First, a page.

Orkney island shop owner mistakenly orders 720 Easter eggs

todayMarch 20, 2024 8

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Orkney island shop owner mistakenly orders 720 Easter eggs

For the Orkney island of Sanday, Easter has come early.

Following a slight technical mishap on an order of festive treats, shop owner, Dan Dafydd, was delivered a whopping 720 chocolate eggs instead of the 80 he meant to buy.

And with a population of only 494 on Sanday, the delivery is enough to give every islander just about one and a half Easter eggs each.

“In my arrogance I was sat here thinking [the delivery company] have really messed up,” Mr Dafydd, who owns Sinclair General Stores, told Sky News.

“I thought they had sent us too many eggs. But when I went to complain I realised that it was totally my mistake and not theirs.”

After spreading the word about the comical over-order around the community, Mr Dafydd came up with the idea to raffle off 100 of the Easter eggs to one lucky winner.

“We do lots of competitions here, people love it,” the 39-year-old said, adding that when the word got out “the world went mad”.

Dan Dafydd and his Easter egg mishap. Pic: Dan Dafydd/Sinclair General Stores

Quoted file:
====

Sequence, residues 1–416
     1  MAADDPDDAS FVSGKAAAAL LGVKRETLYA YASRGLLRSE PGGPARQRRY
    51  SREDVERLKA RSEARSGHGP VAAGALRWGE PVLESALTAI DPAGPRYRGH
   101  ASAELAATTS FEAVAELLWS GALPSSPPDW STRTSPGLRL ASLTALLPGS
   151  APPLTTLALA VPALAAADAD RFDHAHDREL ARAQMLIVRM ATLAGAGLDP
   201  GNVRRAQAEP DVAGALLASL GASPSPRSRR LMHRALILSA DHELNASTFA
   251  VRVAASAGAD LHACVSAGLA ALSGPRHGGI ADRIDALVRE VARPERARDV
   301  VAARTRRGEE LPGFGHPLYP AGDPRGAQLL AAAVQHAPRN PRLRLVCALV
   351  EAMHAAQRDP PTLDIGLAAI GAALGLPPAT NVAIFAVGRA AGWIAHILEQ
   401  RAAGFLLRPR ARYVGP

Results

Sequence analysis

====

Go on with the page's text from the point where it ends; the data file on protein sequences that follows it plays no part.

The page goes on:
Mr Dafydd said the ‘world had gone mad’ after his overorder. Pic: Dan Dafydd/Sinclair General Stores

“One of the businesses on the island put out a post to poke fun but also help us in an effort to sell tickets, and then Orkney radio picked up on it.

“Ever since then the world seems to have gone mad about this silly little tale of me over-ordering Easter eggs!”

‘People are calling from all over the world’

Mr Dafydd said he initially set what he thought would be an ambitious target of selling 200 raffle tickets, but within a week, he sold out.

“We added another 100 tickets and they have sold out, then another 100 have nearly sold out,” he said.

“Since all the media attention, we have got people calling in from all over the world buying tickets.”

All proceeds raised by the raffle will be donated to the Royal National Lifeboat Institution (RNLI), which the shop owner said is often involved when incidents occur around the island.

The charity also has a personal connection to his business.

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“Being a small island, we are surrounded by sea, and the RNLI are very much ingrained in the community here,” he said.

“Our shop manager, who has been managing the shop long before we owned it, she is president of the RNLI Sanday branch.

“It just made sense to donate the money to the RNLI. It’s good that something positive can come out of a bit of a mistake and we can make some money for charity.”

When asked if he has saved some of the chocolate eggs for himself, Mr Dafydd said: “I haven’t touched any yet. The temptation is there and I’m sure at some point I will get one.”

Written by: Newsroom

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